Lost & Found – a luminescent meditation on love and grief

Just as every story of grief is “a reckoning with loss, every love story is a chronicle of discovery,” writes Kathryn Schulz. His luminous memories, lost found, offers readers both. It begins with the death of her father Isaac, a man full of “bluff, benevolence and adoration”, endowed with a brilliant mind and a generous heart. But then he goes on to describe how Schulz met and fell in love with the woman who eventually became his wife, here referred to as “C”.

And while we might be inclined to view these two experiences as polar opposites, in this deft, itinerant and elegantly written work – which grew out of his 2017 article “Losing Streak” – Schulz skillfully illustrates how “inseparably” the love and heartbreak are tied together. “He had a prodigious mind, a panoptic curiosity and an ability, in the face of problems of all kinds, to distinguish what was irrelevant from what mattered as quickly as a slot machine separates pennies from quarters”, writes Schulz with admiration about his father. at the beginning of the book.

Obviously, the apple didn’t fall too far from the tree. What her daughter, a Pulitzer Prize-winning New York editor, also possesses is an incredible ability to make everything relevant. From etymology to philosophy, via Elizabeth Bishop, CS Lewis, The Wonderful Wizard of Ozmythology, astrology and a brief history of the world, his questions radiate outwards.

Schulz begins with the specificity of her own experience, but the book quickly becomes a discussion of the larger existential reckoning we each must make with impermanence, both of our own existence and that of the people we love. “The first problem we have with love is how to find it,” Schulz writes. “But the most persistent problem in love, which is also the most persistent problem in life, is how to live with the fact that we are going to lose it.”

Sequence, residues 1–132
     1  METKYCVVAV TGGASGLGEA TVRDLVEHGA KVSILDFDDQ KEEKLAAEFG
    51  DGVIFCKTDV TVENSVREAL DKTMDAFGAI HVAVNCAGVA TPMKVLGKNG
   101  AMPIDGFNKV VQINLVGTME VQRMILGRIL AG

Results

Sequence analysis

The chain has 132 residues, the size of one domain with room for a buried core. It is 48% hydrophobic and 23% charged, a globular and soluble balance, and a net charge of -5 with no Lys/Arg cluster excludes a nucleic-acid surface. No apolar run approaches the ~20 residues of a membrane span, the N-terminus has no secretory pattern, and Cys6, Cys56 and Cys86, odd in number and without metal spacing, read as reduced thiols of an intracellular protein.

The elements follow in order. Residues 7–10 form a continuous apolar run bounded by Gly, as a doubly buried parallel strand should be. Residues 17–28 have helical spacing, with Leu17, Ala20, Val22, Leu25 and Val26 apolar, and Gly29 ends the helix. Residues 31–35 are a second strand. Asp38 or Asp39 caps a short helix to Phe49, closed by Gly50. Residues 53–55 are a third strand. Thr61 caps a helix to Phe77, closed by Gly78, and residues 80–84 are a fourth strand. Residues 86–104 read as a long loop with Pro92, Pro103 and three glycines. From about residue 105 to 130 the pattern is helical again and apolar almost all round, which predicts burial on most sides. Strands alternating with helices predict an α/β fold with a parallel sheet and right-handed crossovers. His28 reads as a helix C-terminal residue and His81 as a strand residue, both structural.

Cynics might find the chatter with which she gets lyrical about her worship of C a little too serious. But seldom do we come across writings that come from such a solid foundation of love and happiness as that described in lost found. “It’s a cliché about writers that we come from unhappy families,” Schulz says. She and C were raised in loving, happy homes, and their love story is pleasantly frictionless. Likewise, the death of Isaac – who died “peacefully, at seventy-four years old”, surrounded by his loved ones – was, his daughter explains, very “do not a tragedy”.

Yet, as anyone who’s ever fallen in love knows, the experience is always singular — what Schulz describes as “the private story of an extraordinary discovery.” And no matter how peacefully a loved one leaves this world, the depth of grief that ensues is always unimaginable. “His absence is total,” is how she vividly describes the consequences of Isaac’s death; “Where he was, there is nothing.

Through it all, however, Schulz is sensitive to the extraordinary in the ordinary. “What an amazing thing it is to find someone. The loss can alter our sense of scale, reminding us that the world is hugely big while we are incredibly tiny. But find does the same thing; the only difference is that it amazes us rather than despairs. lost found is itself a marvel of meditation. It left me moved, inspired and ultimately thrilled.

Lost found: a memoir by Kathryn Schulz Picador £14.99 / Random house $27, 256 pages

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